Support for Russian domestic violence law grows

In early 2017, Russia passed a law that made beating a family member a minor offence punishable by a fine. But the country's feminist movement has continued to push for change.

Daria Sukharchuk
Daria Sukharchuk NewsMavens, Central & Eastern Europe
Support for Russian domestic violence law grows - NewsMavens
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Why this story matters:

Russia remains the only country in Europe that does not yet have a special law against domestic violence, making its women one of the most vulnerable populations in Europe. This does not mean, of course, that the country's feminist movement hasn't tried to push through such a law. Several anti-domestic violence bills have made it to the first round of voting in the national parliament where they have always been killed by ultra-conservative MPs, who see such initiatives as unnecessary interference into the nuclear family -- a law that would send parents to jail for slapping their child.

In 2017, these politicians achieved a great success, when the criminal code paragraph on battery was changed. Beating a stranger remained a crime, but beating a member of one's own household became a minor offence, punishable only by a small fine. It was only if the battery happened for the second time within a year that it would be qualified as a crime.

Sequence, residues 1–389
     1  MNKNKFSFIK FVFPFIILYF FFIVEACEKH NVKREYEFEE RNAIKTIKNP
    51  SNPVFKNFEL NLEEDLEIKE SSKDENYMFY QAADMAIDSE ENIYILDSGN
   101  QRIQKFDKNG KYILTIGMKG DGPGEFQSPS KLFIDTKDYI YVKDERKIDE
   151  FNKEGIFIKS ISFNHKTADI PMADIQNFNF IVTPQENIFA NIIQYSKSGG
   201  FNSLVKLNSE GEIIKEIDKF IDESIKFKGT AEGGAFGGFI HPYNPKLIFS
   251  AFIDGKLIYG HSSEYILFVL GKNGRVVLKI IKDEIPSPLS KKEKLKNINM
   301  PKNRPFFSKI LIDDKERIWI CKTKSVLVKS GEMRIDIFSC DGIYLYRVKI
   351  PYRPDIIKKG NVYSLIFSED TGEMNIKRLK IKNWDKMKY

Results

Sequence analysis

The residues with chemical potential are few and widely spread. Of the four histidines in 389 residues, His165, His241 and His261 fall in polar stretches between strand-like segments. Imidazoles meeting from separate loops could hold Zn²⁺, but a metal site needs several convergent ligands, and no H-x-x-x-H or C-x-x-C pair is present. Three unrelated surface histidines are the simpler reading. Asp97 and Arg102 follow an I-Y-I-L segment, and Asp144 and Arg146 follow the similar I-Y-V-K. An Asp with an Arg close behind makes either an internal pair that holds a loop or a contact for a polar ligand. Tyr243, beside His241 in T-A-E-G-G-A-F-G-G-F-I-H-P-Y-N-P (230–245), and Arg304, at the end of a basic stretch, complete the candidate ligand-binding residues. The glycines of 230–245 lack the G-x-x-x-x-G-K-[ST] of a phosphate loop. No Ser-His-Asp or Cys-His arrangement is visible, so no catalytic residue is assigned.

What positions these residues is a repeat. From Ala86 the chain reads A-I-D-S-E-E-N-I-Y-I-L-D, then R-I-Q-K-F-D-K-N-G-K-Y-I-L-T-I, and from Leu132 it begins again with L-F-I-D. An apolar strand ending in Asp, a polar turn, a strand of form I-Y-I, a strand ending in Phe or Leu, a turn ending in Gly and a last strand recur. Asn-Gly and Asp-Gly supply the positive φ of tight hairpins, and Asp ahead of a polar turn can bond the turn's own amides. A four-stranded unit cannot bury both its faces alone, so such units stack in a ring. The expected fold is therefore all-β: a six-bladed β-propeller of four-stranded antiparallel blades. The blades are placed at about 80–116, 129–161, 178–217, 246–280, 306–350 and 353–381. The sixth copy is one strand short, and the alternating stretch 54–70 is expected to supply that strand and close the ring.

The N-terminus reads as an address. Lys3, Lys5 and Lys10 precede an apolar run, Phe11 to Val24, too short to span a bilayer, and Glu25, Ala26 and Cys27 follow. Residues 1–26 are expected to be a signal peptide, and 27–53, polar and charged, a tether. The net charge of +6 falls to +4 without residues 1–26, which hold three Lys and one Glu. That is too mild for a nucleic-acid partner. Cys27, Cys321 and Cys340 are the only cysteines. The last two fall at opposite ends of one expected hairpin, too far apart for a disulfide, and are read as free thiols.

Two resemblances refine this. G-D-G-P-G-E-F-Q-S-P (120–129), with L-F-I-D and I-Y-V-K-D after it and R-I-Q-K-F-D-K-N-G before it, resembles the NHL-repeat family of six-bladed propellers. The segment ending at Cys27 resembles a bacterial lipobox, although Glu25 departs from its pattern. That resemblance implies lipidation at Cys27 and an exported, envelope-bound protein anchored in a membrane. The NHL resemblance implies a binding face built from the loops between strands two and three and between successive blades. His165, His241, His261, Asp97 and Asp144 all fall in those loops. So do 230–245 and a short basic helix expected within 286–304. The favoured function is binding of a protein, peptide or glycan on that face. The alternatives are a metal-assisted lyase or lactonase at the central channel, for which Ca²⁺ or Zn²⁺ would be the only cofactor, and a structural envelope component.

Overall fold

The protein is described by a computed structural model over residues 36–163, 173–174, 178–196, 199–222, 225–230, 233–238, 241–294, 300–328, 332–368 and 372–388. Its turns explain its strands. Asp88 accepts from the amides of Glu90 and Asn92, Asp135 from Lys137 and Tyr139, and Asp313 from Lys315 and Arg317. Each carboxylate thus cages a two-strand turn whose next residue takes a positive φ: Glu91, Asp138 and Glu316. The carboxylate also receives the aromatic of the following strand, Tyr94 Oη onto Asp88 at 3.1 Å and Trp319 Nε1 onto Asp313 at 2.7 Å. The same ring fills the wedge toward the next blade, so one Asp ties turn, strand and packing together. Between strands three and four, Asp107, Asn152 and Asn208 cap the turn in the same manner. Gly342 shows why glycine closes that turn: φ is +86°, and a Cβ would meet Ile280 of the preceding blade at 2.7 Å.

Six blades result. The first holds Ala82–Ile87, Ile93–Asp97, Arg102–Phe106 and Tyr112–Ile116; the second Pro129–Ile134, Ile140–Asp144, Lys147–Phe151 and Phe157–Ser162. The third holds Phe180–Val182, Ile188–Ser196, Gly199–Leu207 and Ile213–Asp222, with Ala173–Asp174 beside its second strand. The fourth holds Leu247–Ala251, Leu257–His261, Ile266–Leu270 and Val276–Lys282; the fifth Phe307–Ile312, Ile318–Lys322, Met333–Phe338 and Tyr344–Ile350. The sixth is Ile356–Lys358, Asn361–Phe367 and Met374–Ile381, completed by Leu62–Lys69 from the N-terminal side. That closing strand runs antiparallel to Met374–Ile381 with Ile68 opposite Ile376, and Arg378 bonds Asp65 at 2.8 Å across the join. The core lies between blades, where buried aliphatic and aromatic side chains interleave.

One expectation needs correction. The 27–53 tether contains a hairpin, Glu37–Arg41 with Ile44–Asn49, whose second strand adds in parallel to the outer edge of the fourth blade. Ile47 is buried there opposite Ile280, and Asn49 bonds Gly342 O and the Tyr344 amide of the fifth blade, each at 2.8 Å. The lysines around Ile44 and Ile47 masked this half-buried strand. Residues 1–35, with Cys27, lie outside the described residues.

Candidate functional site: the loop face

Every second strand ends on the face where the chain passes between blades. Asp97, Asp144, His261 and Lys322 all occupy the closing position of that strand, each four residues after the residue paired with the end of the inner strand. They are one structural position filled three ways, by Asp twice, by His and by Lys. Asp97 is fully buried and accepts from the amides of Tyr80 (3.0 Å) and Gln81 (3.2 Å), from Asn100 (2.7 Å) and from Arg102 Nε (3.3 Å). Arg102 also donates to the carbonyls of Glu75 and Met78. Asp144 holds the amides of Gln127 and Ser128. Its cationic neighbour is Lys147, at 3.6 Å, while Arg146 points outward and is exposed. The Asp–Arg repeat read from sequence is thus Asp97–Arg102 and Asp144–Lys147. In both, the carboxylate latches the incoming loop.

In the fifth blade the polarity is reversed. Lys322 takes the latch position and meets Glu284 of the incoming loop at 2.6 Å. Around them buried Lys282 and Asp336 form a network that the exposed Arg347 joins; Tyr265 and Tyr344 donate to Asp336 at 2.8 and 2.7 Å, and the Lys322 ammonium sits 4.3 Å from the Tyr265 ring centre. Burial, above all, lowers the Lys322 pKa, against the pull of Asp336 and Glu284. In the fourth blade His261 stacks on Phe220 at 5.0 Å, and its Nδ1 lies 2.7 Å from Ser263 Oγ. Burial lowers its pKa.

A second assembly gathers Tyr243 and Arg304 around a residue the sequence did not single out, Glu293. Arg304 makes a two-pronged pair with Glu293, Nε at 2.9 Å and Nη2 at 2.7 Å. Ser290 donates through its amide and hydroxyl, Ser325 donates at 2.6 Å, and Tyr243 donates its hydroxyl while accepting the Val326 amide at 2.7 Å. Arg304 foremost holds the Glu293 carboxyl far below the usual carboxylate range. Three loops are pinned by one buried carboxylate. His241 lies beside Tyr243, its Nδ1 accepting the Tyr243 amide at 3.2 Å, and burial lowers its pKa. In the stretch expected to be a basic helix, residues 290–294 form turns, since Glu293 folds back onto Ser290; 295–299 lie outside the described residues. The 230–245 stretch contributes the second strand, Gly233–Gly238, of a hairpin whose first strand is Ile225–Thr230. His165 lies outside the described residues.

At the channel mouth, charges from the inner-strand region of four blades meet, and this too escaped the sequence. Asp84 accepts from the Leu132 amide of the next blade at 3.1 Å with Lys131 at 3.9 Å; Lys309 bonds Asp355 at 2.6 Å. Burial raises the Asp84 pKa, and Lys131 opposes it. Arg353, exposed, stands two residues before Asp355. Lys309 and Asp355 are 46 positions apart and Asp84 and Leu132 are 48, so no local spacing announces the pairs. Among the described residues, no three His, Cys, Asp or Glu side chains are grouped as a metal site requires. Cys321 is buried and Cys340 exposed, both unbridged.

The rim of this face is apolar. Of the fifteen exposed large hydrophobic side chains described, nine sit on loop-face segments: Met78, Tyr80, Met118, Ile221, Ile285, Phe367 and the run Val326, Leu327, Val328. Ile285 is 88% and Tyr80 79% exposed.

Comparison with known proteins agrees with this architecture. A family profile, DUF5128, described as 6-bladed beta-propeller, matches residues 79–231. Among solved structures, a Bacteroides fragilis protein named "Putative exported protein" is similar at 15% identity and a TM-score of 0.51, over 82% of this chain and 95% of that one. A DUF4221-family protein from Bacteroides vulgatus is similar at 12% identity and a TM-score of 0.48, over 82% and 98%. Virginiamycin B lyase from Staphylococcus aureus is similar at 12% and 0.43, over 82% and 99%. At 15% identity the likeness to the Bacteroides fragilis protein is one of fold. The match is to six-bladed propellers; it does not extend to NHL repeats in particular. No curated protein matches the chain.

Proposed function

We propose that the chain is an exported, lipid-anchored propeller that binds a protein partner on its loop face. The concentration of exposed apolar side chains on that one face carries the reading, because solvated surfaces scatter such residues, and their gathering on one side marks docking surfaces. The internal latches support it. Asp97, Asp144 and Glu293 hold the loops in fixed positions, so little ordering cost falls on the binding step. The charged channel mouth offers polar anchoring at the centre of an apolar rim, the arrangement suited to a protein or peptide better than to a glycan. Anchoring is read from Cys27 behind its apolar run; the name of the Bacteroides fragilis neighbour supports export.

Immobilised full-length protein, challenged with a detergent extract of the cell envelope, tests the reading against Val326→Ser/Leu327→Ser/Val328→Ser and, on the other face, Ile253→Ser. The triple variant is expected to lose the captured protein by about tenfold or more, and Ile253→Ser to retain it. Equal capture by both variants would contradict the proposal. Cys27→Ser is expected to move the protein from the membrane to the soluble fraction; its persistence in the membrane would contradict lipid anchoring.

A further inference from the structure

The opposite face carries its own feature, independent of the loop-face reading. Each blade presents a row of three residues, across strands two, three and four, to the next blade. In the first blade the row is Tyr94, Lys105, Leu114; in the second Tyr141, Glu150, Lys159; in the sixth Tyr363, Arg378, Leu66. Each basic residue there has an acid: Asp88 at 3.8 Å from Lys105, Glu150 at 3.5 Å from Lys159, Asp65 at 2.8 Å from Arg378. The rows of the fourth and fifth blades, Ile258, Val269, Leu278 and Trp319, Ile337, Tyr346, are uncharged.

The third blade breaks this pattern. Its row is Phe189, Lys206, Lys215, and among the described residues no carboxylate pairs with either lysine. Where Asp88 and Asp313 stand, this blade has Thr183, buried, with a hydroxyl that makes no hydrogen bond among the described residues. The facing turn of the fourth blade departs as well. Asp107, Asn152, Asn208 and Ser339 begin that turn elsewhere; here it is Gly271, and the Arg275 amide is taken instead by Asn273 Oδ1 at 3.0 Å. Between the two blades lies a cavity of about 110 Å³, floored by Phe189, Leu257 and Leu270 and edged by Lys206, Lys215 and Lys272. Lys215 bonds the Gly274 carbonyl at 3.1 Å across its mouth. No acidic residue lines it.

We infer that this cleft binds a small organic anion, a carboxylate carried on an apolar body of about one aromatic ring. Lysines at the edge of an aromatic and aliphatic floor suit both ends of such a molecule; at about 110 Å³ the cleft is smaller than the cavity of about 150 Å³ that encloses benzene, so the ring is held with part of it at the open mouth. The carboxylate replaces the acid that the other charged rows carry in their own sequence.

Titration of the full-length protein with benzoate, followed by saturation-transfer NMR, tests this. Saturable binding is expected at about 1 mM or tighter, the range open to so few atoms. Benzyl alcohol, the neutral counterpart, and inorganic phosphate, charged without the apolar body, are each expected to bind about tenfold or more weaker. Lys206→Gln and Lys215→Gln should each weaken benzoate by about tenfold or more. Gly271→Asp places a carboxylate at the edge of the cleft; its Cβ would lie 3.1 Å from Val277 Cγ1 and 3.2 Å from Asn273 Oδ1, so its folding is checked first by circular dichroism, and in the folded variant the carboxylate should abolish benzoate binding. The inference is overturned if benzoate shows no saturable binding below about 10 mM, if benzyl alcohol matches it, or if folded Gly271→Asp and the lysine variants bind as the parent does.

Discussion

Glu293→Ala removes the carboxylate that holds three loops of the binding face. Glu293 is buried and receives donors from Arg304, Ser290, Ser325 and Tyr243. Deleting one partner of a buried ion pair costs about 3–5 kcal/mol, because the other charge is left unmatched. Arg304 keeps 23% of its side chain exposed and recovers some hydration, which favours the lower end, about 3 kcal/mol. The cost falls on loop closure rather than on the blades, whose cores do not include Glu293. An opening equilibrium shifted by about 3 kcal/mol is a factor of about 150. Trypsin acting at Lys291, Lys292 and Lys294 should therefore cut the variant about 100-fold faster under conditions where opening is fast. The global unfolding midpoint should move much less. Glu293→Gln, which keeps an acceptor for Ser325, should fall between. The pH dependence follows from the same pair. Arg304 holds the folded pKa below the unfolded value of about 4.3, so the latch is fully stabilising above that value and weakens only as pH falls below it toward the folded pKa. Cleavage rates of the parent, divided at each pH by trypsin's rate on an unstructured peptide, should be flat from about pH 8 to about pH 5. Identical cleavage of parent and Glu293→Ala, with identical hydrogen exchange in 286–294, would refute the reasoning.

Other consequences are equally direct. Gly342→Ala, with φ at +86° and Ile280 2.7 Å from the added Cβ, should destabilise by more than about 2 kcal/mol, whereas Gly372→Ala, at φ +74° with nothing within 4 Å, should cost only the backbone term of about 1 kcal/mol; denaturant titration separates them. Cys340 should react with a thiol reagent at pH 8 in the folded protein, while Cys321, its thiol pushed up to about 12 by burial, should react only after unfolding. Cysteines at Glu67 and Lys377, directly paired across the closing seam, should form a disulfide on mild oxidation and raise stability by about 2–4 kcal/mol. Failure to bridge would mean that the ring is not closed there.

The law on the "legalization of battery" led to an outcry in Russia, with women staging several protests, but the law remained in force.

The number of domestic violence incidents that have since been reported has grown, and societal conversation on the topic never really stopped. It reached its peak a year ago, with a widely publicized episode of a man in Serpukhov (a small town near Moscow). A pathologically jealous man, Mr Grachev, tortured his wife Margarita in the woods for several hours, cutting off both her hands with an axe. After that, he took her to the hospital, where the doctors were able to reattach one of her hands. The family was known to the police. Grachev had previously stalked his wife and once threatened her with a knife after she decided to file for divorce. Back then, without a valid law against domestic violence, the police were unable to help her.

Three years later, he cut off her hands, for which he was sentenced to 14 years in prison. If the authorities had interfered earlier, his wife would have been spared her ordeal. 

It is not clear if the spike in reported domestic violence is the result of the societal debate, or an uptick in beatings, with men taking advantage of the decriminalization. But now there is hope that Russia might pass a new, more humane law, that would prevent such incidents -- after two years of relentless campaigning.

Details from the story:

  • Since 2017, it is not a criminal offence in Russia to beat one's household members ("household" meaning people who live together -- not necessarily married, or related). 
  • "Anna", one of the women's help centers in Moscow, has registered a fivefold growth in the number of women calling to ask for help in cases of domestic violence

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